Voice-activated Google search for iPhone MIA

Google Mobile App

Google is due to release an update to its mobile application for the iPhone that will enable users to speak search terms into the phone rather than using the keypad.

The application uses the iPhone's motion sensor to determine when to start recording, and then performs the search. The application is location sensitive, so searching for Coffee shops' will bring up a list of coffee houses in the users vicinity.

There has been some confusion regarding when the application would appear on the iPhone app store. Details of the applications were released by the New York Times on Thursday, with the expectation that it would appear on the App Store on Friday, with Google having already starting to promote the feature.

However, at time of writing, the updated version of the Google Mobile App had yet to appear. Apple vets all applications that appear on its app store, and it would appear that - despite its high profile - Google does not get special treatment.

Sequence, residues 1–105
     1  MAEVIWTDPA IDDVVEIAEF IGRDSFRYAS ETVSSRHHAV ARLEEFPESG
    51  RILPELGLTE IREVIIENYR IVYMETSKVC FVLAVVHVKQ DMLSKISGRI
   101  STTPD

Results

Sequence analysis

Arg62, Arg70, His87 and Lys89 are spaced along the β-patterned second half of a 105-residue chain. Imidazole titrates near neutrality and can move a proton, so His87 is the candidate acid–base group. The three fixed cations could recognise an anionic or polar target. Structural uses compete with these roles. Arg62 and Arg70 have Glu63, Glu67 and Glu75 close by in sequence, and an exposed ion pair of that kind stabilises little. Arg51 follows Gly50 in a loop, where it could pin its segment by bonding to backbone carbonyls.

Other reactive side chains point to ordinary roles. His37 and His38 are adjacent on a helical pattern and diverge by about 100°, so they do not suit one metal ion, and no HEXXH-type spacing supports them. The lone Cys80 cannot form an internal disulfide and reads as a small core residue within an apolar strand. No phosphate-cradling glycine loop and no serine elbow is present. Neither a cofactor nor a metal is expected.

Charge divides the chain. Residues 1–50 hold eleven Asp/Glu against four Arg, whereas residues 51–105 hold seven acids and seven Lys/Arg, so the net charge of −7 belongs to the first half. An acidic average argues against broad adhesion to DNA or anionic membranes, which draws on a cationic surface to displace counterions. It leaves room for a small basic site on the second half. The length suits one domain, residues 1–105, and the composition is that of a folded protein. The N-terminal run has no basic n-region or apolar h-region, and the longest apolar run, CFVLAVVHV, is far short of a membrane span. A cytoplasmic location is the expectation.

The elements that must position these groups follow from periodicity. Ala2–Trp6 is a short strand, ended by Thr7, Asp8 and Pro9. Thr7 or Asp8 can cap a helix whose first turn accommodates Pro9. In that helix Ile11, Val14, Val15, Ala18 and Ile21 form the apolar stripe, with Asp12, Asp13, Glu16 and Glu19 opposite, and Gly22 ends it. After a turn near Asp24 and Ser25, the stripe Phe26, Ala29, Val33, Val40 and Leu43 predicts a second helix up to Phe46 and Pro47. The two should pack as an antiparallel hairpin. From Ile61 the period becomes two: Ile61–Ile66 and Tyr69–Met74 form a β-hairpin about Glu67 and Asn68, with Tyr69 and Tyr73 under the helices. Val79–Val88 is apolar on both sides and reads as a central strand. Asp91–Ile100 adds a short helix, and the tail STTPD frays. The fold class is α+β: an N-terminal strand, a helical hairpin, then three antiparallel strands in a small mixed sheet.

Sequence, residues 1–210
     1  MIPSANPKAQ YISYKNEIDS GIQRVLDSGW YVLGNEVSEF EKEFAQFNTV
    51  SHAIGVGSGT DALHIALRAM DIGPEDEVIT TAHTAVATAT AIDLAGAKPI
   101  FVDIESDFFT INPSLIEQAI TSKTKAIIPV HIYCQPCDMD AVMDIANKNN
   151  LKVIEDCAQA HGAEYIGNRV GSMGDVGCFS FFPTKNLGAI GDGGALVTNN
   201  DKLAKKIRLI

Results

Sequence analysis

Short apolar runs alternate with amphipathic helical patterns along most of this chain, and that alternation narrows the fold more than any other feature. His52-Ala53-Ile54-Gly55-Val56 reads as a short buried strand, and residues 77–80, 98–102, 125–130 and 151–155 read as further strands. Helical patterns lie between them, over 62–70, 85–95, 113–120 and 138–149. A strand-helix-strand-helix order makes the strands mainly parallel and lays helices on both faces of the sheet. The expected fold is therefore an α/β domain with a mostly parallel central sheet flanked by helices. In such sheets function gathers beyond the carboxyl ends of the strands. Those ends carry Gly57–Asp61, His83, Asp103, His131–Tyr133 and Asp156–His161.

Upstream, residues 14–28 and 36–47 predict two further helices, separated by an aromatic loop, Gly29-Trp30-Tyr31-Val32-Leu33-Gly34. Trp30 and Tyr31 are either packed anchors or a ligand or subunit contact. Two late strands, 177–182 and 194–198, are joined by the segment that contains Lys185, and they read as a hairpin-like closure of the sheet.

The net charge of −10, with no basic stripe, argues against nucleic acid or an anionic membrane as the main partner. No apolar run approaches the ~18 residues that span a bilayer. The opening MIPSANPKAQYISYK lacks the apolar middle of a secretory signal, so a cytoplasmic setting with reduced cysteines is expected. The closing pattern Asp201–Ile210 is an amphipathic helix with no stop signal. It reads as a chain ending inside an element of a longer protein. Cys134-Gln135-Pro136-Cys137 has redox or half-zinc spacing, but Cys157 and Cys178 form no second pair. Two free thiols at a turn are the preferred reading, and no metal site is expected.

Many commentators have also noted that the application is being made available for Apple's iPhone, ahead of Google's own G1 Android device.

However, Google's Mobile team and its Android team operate independently, and Apple's iPhone has currently shipped approximately seven million iPhones, while Android platform based handsets have only recently launched.

"I want to bring the most valuable applications to as many users as possible," Gummi Hafsteinsson, senior product manager for Google's mobile team, told the LA Times. "We treat all high-end [mobile] platforms equally."

Benny Har-Even

Benny Har-Even is a twenty-year stalwart of technology journalism who is passionate about all areas of the industry, but telecoms and mobile and home entertainment are among his chief interests. He has written for many of the leading tech publications in the UK, such as PC Pro and Wired, and previously held the position of technology editor at ITPro before regularly contributing as a freelancer.

Known affectionately as a ‘geek’ to his friends, his passion has seen him land opportunities to speak about technology on BBC television broadcasts, as well as a number of speaking engagements at industry events.